Fig. 4. Weed cover 2 weeks after experiment was initiated, as visually assessed in each subplot. Same letters indicate no significance; different letters indicate significant difference between treatments at the 0.05 significance level based on LSD multiple pairwise comparison test.
Fig. 5. Weed cover at 2, 4 and 6 weeks after variable-rate application, averaged over the three herbicide rates. Weed cover was visually estimated in each subplot. 0 = no weeds present. Different letters indicate significant difference between treatments at the 0.05 significance level based on LSD multiple pairwise comparison test.
Weed cover when no herbicide was applied ranged from 15% to 55%, 2 weeks after the experiment was initiated. High weed cover on some no-herbicide plots points to a major pitfall of map-based, variable-rate applications of pre-emergent herbicides: Locations where no weeds were predicted to grow received no herbicide. This prediction was based on the presence or absence of weeds the previous year. The treatment map shows the no-herbicide plots in the middle of the field surrounded by plots receiving medium and high rates. Although this location was predicted to have weeds below the treatment threshold, weed seedlings emerged here the following year. Redistribution of seeds during harvest is probably the main reason for poor estimates in the no-herbicide areas, although other factors, such as seed dormancy and movement of seed by water or animals may also be a factor.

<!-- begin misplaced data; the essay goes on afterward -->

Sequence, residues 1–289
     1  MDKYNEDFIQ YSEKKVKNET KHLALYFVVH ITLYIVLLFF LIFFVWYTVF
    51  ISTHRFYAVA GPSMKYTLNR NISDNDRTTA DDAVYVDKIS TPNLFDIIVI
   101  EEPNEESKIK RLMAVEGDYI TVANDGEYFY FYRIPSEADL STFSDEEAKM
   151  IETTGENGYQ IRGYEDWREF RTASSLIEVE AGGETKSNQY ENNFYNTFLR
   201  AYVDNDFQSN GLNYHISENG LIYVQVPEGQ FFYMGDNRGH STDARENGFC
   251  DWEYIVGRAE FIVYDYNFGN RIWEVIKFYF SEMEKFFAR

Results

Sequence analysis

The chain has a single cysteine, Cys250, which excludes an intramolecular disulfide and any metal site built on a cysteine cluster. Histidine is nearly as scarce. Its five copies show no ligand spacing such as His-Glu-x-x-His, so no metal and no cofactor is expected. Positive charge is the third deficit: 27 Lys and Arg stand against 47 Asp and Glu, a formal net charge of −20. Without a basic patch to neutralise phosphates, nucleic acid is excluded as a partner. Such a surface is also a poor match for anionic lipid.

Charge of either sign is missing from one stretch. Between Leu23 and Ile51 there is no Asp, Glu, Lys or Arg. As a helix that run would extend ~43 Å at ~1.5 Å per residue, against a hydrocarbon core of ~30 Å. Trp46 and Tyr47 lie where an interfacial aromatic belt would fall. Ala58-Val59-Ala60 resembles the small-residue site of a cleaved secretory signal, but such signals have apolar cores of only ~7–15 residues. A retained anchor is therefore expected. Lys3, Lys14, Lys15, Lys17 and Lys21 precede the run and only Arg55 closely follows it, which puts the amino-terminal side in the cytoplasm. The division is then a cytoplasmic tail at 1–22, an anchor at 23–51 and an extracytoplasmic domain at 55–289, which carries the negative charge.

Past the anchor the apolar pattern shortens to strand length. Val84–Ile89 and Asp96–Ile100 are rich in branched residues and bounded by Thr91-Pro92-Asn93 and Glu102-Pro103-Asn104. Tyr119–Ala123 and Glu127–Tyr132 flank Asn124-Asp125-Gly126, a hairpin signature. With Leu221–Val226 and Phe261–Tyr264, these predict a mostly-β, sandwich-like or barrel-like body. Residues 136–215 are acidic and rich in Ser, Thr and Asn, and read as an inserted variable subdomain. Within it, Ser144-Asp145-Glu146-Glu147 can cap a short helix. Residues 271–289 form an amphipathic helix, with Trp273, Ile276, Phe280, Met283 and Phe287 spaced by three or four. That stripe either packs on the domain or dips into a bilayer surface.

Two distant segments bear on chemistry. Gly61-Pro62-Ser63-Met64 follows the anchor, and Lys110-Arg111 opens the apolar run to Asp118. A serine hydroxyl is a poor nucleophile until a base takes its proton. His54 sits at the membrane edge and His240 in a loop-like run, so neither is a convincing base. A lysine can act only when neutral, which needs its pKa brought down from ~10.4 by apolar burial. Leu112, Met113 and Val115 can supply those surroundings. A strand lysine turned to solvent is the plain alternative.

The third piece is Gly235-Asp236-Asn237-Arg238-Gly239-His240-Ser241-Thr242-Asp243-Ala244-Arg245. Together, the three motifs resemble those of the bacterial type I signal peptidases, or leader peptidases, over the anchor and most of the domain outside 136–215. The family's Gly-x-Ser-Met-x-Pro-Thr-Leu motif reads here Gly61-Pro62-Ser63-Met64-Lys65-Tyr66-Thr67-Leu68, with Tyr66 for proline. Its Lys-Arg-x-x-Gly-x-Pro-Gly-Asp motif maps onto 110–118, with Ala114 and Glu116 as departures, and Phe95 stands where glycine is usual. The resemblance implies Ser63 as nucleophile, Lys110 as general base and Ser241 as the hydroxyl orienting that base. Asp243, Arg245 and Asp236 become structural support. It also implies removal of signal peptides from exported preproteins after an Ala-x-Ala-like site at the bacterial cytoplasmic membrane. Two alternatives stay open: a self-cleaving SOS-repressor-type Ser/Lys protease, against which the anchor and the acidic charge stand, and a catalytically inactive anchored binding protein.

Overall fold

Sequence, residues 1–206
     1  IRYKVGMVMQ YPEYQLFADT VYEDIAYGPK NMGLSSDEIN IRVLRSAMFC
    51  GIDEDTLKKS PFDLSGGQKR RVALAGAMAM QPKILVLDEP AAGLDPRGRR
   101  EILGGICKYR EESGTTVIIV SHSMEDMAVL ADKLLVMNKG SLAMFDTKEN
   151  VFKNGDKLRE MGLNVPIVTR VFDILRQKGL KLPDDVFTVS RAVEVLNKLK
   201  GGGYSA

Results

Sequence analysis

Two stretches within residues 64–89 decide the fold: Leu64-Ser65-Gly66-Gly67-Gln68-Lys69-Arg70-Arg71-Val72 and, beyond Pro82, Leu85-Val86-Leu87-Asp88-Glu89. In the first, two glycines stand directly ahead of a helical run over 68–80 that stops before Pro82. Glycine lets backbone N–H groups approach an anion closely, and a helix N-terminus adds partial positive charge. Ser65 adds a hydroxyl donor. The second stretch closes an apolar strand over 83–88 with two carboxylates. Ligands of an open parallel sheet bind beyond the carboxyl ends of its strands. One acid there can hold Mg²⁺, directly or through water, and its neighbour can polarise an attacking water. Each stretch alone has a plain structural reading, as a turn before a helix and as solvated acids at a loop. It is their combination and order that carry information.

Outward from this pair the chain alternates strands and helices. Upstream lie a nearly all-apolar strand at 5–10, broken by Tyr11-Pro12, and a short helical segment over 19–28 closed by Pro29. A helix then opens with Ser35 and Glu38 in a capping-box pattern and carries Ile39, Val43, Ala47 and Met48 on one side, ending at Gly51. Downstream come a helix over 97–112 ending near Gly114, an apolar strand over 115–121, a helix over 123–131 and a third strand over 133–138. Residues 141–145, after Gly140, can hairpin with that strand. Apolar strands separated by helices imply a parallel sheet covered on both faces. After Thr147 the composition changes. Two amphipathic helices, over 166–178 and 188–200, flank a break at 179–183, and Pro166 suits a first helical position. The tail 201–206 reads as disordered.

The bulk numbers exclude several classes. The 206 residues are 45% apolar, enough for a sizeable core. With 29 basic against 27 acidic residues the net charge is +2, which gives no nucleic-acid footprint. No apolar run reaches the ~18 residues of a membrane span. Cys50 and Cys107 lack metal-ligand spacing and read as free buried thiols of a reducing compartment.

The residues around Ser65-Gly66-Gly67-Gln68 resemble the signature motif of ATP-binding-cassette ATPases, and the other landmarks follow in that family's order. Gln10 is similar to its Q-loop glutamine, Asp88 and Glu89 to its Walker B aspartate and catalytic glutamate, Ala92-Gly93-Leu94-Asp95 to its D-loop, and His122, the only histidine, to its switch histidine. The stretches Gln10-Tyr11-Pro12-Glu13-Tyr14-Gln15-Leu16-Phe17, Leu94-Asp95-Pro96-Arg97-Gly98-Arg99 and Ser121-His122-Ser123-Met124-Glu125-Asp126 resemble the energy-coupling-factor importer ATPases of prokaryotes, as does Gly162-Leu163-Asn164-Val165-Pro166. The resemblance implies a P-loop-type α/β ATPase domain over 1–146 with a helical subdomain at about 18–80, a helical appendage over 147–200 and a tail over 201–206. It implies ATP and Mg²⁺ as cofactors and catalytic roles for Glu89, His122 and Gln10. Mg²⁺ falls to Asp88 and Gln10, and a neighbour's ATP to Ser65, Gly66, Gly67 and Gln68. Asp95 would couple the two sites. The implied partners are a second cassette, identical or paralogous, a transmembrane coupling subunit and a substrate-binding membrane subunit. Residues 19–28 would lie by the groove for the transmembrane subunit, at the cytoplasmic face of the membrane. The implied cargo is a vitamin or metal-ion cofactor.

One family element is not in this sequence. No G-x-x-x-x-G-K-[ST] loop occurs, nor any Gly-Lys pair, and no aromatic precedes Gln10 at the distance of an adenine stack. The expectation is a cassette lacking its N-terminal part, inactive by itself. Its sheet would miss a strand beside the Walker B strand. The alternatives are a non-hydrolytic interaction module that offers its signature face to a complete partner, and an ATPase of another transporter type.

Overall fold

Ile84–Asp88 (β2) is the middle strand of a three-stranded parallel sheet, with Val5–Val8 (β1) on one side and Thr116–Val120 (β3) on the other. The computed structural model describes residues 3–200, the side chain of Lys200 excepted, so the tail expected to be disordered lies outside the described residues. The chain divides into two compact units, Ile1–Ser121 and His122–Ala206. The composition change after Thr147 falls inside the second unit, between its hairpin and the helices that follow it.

Reduced rates of herbicide
There was a significant difference in weed control among herbicide rates. The no-herbicide plots had the highest number of seedlings, averaging 86 plants per square yard, 2 weeks after the experiment was initiated. The average number of surviving seedlings in the medium-rate plots was significantly lower, nine plants per square yard. The plot with ethalfluralin at the full rate had the least number of weeds (four plants per square yard), but there was no statistically significant dif ference between the half rate and full rate. All plots receiving the medium or full herbicide rate had weed cover below 10%, 2 and 4 weeks after application.
In some parts of the field where no herbicide was used, nightshade density was high, probably due to the redistribution of seeds during harvest.
Black nightshade and hairy nightshade were the only weed species surviving the high-rate treatment in relatively higher numbers. Occasionally, mayweed (Anthemis cotula L.), Wright's groundcherry (Physalis wrightii Gray) and volunteer tomato (Lycopersicon esculentum L.) survived the 1.5 lb. a.i./acre rate of ethalfluralin. Weed species composition after the 0.75 lb. a.i./acre treatment of ethalfluralin was similar, but also included a few surviving seedlings of lambs-quarters. Weed composition on plots that received no herbicide resembled the 1999 weed survey and included barnyardgrass, black nightshade, hairy nightshade, redroot pigweed, annual sowthistle, Wright's groundcherry, cheeseweed (Malva neglecta Wallr.), purslane and lambsquarters.